Right now we can count out the Astros, Pirates and Cubs as contenders for the NL Central title, which leaves us with the Cardinals, Brewers and Reds. I expect the Brewers to fall off a bit from their 96-win season this year, partly due to Prince Fielder’s inevitable free agency departure and that there’s no way they can win 57 home games again. Their defense is sub-par (and that’s being nice), and now Corey Hart or Casey McGehee will have to bat cleanup behind Ryan Braun, who, if that happens, will easily break the intentional walk record.

The Reds give me more pause, as I think they’ll rebound from a disappointing 2011. However they should still be well below the Cardinals in pre-season predictions. Their core-four on offense (Jay Bruce, Joey Votto, Brandon Phillips and Drew Stubbs) can compete with almost anyone, but beyond those four their next best offensive player was…Ramon Hernandez? Providing they can find somewhere to play Yonder Alonso (.330/.398/.545 in limited time in ’11) their offense should be improved. Their pitching will rank third by a long shot, and maybe worse, in the division, but their young arms still have time to get better.

The Cardinals should have a fairly easy time winning the NL Central in 2012 (knock on wood), but can they use some leftover magic from this miraculous postseason run? Only five times has a defending National League champion returned to the World Series since 1969, and only five times since 1963 has a team won back-to-back World Series. Dare I say it, there is no other NL team, as of right now, more fit to make it to the World Series in 2012 than the Cardinals. The Phillies offense – well you all saw Game 5 of the NLDS this year. Even though their pitching will still be excellent, their offense is nothing close to what it was three years ago. There are no other complete teams – solid starting pitching, deep roster, deep bullpen – in the National League that should scare the Cardinals into not thinking they can return to the World Series.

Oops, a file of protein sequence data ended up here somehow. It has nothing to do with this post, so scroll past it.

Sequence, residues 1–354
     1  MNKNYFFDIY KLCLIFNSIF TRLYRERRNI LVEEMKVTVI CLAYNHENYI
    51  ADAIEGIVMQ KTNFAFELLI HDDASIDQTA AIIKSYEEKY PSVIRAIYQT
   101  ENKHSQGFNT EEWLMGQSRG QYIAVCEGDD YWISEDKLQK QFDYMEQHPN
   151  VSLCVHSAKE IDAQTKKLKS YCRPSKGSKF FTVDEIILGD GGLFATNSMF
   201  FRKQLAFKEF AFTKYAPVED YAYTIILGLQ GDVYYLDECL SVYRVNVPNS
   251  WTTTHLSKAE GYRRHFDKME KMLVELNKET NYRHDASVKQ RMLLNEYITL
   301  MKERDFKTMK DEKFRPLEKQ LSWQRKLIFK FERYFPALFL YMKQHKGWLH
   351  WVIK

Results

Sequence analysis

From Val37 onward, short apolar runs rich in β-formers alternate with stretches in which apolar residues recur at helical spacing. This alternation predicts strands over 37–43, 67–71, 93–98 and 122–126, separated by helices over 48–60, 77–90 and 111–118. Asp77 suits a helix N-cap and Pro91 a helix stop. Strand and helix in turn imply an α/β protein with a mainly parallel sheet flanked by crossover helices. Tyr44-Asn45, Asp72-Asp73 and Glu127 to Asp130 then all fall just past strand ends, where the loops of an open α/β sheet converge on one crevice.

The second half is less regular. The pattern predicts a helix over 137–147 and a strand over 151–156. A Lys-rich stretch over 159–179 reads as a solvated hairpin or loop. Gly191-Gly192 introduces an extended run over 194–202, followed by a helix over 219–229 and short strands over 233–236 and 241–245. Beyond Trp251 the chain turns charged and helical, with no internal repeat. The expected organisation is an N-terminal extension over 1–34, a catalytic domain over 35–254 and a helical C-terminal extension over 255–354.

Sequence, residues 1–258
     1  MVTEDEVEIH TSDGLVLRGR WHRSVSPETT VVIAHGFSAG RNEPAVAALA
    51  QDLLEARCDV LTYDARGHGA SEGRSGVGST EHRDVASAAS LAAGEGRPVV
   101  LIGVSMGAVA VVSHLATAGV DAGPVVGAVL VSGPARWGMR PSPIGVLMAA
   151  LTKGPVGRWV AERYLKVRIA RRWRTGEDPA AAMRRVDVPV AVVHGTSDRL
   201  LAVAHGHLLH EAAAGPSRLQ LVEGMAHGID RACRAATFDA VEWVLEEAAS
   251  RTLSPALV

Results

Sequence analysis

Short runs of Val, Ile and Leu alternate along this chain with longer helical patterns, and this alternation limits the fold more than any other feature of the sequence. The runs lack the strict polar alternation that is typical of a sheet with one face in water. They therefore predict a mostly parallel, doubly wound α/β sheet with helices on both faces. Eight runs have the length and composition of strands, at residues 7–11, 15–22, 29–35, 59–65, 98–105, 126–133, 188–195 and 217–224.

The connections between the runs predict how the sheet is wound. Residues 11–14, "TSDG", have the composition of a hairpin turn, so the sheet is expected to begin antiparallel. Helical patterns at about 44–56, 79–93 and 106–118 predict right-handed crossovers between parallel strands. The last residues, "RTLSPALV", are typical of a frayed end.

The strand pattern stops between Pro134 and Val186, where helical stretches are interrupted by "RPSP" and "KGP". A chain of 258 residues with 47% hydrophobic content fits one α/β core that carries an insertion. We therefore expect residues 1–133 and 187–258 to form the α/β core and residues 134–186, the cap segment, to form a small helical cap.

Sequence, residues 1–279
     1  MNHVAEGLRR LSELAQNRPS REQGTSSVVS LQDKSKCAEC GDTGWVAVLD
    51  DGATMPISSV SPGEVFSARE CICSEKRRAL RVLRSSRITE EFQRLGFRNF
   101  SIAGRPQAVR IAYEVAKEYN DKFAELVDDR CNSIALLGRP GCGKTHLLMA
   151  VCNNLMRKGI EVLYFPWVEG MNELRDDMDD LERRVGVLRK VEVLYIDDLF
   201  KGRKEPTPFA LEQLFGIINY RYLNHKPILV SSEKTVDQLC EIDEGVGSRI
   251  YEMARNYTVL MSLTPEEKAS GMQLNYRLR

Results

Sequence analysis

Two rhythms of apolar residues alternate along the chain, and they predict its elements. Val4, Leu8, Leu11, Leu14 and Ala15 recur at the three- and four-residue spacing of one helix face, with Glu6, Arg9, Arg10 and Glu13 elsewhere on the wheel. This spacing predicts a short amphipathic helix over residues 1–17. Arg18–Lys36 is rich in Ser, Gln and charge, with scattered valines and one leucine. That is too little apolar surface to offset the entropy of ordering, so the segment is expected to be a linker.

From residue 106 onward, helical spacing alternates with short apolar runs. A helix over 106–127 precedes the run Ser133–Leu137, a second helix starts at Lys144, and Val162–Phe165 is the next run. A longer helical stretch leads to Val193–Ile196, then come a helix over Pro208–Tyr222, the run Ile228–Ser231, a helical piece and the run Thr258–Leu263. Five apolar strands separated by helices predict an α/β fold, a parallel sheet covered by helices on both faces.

The Cards’ four biggest hindrances to back-to-back titles should come from the American League. The Yankees will probably sign a top starter – and if it’s CJ Wilson, that’s not who I’m talking about – to go with CC Sabathia and Ivan Nova. The Red Sox could do the same, or just stay the same and actually make the playoffs this year. The Rays could field a rotation comparable to the Cardinals next year – David Price, James Shields, Jeremy Hellickson, Matt Moore – and with a full season of Desmond Jennings, that offense could be loaded. The Rangers, power-packed lineup and deep bullpen anchored, could easily reach the World Series for a third time in a row.

I’m not one to get ahead of myself. I didn’t even think the Cardinals would make it out of the NLDS this year. But I don’t see any team that I would take over the Cardinals in the National League in 2012. The Cards are basically signing a Cy Young-runner up to what was already a solid rotation, and even if Albert Pujols signs elsewhere the Cardinals can add Allen Craig, whose per-162 game averages equate to 35 doubles, 25 homers and 90 RBIs, in and barely miss a beat without The Mang.

I don’t know if the Cardinals will win the World Series, make the playoffs or even win their own division in 2012. But after this crazy ride they just went on, starting on August 25, 10.5 games out of the wild card, concluding with their 11th World Series, and seeing the Braves and Red Sox choke and the Phillies waste a historical season by a pitching rotation, there’s no reason to believe the Cardinals couldn’t do it again and repeat as World Series champions.